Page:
Since it was completed in 2016 the concrete behemoth has divided opinion, with some viewing it as a new landmark for the city and others a blight on the landscape.
Proposals to liven up the grey facade have included allowing local artists to paint murals on it, and lighting it up with artful illuminations.
But now a local architect firm thinks the 118m tower would be the ideal location for a climbing wall, according to newspaper Neue Zürcher Zeitung.
The idea is technically achievable and should cost around 10,000 francs to install, the IG Zürinordwand firm's board member Robert Fischer, himself a climber, told the paper.
The idea isn't new. Industrial buildings in Vienna sport climbing routes, while a hotel in Reno, in the US, has a climbing wall up one side.
With its 118m height, the Swissmill silo could become the tallest urban climbing route in the world, said the paper.
In the coming days IG Zürinordwand intends to send an open letter to Swissmill's owners to suggest the idea, said the paper.
Switzerland already holds the record for the tallest non-urban artificial climbing route in the world, which stretches for 160m up the Luzzone dam in the canton of Ticino.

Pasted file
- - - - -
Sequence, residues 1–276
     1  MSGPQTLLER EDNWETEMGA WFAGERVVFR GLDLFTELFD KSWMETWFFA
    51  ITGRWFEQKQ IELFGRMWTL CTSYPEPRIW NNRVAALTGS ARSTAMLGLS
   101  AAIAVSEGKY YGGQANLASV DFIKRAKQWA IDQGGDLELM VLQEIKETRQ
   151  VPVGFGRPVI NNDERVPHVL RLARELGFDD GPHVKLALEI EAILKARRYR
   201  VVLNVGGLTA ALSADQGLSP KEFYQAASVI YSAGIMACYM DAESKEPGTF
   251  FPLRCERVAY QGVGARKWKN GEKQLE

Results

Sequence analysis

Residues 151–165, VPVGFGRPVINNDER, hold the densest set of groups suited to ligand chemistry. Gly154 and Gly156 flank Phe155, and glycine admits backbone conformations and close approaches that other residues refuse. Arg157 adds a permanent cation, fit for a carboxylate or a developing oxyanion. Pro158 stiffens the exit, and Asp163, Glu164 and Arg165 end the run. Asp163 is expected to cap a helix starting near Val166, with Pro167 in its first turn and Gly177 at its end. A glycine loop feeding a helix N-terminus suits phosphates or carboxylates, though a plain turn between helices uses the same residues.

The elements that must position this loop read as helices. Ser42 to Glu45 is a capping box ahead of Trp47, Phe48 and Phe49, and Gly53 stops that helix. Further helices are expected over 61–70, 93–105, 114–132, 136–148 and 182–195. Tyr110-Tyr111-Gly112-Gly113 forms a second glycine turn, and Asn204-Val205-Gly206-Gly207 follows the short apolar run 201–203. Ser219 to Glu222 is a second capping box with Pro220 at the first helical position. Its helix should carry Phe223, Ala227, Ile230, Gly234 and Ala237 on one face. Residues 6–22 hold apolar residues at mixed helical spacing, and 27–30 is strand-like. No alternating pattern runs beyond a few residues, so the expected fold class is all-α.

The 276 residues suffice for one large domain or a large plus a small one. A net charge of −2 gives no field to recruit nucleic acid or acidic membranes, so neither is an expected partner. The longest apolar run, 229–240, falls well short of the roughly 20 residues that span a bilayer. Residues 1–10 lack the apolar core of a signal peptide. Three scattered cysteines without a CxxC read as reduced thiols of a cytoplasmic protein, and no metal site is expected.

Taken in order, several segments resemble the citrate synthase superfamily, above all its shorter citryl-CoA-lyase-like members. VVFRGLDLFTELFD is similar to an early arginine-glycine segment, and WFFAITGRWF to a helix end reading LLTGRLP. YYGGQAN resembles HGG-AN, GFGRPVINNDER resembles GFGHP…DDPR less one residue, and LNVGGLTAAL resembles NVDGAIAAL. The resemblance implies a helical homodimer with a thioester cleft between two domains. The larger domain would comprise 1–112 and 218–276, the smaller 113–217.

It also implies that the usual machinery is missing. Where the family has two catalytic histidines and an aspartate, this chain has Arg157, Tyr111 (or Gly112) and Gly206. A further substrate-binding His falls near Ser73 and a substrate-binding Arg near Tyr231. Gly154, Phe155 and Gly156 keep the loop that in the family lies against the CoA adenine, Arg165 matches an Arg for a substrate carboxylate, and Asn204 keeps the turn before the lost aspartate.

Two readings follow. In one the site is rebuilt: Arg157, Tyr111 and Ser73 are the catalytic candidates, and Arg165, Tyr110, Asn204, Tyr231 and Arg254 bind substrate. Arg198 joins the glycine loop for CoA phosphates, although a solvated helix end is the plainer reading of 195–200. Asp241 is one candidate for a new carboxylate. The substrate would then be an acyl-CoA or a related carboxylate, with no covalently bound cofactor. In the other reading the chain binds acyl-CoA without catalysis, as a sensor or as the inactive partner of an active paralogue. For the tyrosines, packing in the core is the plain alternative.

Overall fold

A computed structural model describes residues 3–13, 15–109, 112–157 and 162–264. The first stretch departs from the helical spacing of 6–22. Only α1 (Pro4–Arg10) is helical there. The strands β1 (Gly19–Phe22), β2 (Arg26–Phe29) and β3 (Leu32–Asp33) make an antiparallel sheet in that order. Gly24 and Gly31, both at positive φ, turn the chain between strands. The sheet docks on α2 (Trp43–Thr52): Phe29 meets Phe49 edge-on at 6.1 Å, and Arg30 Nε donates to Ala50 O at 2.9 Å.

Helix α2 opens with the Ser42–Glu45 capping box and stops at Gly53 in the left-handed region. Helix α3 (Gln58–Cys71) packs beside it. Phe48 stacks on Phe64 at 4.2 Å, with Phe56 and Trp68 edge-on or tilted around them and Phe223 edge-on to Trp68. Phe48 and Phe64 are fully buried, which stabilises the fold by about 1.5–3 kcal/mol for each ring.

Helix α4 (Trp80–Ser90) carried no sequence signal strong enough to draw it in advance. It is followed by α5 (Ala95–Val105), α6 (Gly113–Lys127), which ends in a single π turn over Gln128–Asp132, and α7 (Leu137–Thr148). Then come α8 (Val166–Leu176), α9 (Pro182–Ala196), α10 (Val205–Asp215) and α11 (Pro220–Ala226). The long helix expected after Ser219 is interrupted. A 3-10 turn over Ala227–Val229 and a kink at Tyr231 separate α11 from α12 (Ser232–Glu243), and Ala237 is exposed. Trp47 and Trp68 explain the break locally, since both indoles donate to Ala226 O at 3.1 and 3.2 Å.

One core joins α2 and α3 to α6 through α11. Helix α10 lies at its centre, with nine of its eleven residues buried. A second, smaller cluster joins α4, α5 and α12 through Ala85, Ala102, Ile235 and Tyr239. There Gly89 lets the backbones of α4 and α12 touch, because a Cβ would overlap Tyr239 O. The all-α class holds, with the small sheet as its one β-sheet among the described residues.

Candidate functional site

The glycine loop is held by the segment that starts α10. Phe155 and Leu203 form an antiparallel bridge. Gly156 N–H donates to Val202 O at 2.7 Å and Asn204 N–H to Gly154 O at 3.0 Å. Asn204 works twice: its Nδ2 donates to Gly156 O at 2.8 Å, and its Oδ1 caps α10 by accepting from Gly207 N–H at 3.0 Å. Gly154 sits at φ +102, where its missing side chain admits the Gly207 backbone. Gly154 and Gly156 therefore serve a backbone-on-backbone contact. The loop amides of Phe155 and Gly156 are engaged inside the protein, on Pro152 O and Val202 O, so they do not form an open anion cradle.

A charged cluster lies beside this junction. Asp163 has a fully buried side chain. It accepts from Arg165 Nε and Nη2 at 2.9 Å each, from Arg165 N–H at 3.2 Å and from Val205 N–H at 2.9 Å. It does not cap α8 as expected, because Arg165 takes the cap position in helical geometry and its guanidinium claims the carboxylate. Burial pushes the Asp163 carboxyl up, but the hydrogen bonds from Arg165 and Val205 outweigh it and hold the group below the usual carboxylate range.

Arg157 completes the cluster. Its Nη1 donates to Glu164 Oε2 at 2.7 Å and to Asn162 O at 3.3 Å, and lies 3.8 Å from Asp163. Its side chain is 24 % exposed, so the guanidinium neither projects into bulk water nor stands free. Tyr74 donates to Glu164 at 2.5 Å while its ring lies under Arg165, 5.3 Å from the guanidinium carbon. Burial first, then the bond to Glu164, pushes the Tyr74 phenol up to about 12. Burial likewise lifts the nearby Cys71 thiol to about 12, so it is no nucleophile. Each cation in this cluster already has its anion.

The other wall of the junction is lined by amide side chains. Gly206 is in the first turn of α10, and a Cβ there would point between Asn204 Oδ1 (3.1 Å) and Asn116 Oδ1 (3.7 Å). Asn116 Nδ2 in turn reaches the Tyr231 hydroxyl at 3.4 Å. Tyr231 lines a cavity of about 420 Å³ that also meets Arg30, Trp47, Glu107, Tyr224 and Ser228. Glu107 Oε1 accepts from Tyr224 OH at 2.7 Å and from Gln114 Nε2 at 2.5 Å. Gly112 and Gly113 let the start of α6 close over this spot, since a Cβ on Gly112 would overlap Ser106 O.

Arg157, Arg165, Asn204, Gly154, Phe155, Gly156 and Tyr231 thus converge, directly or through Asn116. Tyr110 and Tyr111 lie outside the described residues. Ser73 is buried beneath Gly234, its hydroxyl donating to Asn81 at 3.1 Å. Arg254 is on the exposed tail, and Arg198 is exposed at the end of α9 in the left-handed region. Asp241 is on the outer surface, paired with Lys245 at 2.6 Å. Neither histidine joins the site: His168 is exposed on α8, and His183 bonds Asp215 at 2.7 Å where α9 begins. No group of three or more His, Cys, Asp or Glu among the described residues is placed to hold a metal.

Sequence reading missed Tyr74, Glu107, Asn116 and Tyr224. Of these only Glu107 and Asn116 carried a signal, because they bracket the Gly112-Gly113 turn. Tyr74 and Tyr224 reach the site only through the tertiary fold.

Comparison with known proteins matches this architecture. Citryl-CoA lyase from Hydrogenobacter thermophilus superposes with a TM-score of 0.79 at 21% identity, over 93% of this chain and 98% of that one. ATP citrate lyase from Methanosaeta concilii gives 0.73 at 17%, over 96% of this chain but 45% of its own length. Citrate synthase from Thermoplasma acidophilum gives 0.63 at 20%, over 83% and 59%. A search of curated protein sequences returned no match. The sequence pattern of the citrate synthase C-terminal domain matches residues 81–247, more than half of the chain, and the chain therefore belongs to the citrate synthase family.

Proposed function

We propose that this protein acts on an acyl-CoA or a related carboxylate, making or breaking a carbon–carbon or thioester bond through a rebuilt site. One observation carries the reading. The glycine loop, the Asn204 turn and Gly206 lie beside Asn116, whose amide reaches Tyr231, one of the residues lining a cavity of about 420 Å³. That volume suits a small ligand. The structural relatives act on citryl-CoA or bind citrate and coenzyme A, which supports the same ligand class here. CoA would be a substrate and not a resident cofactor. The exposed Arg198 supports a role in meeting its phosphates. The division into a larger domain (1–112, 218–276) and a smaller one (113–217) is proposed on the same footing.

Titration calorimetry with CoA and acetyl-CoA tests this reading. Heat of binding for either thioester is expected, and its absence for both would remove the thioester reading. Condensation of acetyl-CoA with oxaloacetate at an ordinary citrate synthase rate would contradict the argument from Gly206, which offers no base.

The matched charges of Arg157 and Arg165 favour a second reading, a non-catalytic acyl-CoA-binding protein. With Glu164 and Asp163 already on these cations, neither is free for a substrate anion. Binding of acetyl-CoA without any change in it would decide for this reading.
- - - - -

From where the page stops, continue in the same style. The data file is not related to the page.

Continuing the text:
The Swissmill silo – also known as the Kornhaus – opened in its current form in 2016 after three years of construction work to extend a previous 40m silo on the site.
It is the second highest building in Zurich after the Prime Tower, which stands at 126m.
Currently the tallest building in Switzerland is the 178m Roche Tower in Basel.
The pharmaceutical company is set to break its own record by constructing a 205m office block, designed by Herzog & de Meuron, due to open in 2021.
But Switzerland's tallest buildings are dwarfed by the country's huge dams, the highest of which is the Grande-Dixence in the Valais, at 285m.